Doug Christie

As the meeting opened, Christie led the free speech supporters in prayer. "Just the fact that we have assembled here without violence on our part proves that we are not what they say." He praised the Greater Victoria Library Board for its commitment to intellectual freedom. "The pressure is enormous on the library board. The library employees have shown a lot of guts and so have those library union members who spoke up against union leadership [in the B.C. Government and Service Employees' Union]." He added that Sandra Anderson. chairman of the Greater Victoria Public Library Board "has been a very brave person. She's been under siege."

"Who's against freedom of speech in this province?" Christie asked. "The unions and the NDP! Also, the media and the RCMP have been creating the impression there would be 500 to 1,000 protesters."

Doug Collins

The keynote speaker Friday night was long-time journalist and columnist Doug Collins. On his way into the meeting, the much decorated World War II veteran had scoured the crowd for Moe Sihota. "If I'd seen Sihota, I would have told him he wasn't fit to polish the boots of the people coming to this meeting and that he was a little snot," Collins said to laughter and applause.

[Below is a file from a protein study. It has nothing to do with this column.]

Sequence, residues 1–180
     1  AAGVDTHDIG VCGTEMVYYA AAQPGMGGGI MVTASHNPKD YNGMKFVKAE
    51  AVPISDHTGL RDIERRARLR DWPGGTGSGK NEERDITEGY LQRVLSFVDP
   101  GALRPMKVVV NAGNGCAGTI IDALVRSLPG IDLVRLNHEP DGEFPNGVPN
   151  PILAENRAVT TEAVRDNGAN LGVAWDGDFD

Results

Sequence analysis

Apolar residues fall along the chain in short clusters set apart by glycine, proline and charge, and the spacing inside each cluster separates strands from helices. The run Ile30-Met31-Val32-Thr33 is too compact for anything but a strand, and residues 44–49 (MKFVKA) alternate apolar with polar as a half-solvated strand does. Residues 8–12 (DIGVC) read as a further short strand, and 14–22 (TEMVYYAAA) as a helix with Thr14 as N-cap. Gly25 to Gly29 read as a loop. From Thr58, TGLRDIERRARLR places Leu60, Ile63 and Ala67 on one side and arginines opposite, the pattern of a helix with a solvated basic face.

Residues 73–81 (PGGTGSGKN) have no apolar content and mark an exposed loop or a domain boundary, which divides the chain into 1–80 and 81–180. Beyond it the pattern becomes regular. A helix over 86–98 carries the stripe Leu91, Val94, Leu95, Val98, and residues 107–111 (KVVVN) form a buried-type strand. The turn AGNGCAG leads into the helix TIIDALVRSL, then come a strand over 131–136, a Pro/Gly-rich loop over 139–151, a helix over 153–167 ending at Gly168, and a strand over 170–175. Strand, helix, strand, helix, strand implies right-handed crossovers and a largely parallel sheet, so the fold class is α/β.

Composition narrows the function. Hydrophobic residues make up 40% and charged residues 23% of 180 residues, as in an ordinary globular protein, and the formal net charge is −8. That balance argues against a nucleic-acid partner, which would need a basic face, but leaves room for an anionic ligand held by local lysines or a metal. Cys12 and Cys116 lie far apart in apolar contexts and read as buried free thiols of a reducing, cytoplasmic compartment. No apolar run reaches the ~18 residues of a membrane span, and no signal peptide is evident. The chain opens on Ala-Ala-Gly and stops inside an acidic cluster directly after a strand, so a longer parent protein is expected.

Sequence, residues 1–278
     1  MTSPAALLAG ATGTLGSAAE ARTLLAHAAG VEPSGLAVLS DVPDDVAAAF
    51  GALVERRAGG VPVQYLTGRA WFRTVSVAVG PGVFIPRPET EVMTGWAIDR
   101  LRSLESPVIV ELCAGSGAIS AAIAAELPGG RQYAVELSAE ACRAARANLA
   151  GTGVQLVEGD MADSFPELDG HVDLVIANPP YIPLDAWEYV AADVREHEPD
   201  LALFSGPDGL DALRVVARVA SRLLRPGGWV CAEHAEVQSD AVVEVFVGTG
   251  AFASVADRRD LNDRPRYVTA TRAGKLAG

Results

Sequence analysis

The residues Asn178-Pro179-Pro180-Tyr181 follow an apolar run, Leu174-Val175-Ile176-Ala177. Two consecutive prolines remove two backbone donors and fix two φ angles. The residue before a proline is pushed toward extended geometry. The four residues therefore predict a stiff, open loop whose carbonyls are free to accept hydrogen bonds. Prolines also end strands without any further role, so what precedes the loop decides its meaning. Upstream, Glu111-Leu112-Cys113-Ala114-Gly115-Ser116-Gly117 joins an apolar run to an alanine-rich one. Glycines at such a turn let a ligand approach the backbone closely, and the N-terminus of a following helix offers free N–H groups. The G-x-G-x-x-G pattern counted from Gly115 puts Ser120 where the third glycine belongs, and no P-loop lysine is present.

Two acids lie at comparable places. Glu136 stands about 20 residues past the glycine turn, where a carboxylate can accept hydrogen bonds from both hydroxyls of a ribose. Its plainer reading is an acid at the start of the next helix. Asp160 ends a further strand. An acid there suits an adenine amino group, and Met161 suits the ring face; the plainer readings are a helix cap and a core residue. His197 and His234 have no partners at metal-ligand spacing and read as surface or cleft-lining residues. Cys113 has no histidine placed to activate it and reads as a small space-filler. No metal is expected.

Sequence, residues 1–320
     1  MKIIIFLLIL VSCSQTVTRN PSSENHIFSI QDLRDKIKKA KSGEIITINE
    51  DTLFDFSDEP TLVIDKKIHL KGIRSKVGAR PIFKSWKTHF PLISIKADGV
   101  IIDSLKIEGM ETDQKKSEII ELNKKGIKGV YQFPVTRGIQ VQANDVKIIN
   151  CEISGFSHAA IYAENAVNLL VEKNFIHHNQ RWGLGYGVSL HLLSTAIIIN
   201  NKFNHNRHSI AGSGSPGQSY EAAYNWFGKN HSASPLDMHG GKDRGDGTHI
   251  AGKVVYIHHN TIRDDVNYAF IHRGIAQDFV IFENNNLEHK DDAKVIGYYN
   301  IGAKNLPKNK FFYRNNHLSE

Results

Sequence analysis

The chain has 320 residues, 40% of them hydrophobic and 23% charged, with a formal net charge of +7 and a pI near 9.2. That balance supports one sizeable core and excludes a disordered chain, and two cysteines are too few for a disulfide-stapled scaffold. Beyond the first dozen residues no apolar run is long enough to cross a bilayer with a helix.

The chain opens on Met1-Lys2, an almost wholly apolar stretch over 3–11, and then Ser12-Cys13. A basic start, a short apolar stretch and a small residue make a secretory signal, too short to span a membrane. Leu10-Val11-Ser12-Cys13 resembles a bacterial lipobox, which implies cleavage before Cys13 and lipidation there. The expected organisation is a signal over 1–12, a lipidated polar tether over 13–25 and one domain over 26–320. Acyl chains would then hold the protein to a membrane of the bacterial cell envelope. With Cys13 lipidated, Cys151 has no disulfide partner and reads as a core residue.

"What we have here in B.C. is a heresy law where truth is no defence," Collins explained. "History doesn't belong to the Canadian Jewish Congress," he said. "History belongs to history. We have the right to debate history," he added, referring to the controversy about a column he wrote where he dubbed the Spielberg movie Schindler's List, "Swindler's List" and noted the extensive Jewish presence in Hollywood. A complaint by the Canadian Jewish Congress landed Collins before a B.C. Human Rights Tribunal last year. He was the main target of Bill 33 -- amendments to the B.C. Human Rights Code that made publishing statements "likely to cause hatred or contempt" of a whole host of privileged groups an offence. Collins was exonerated but the hearing cost the North Shore News over $200,000.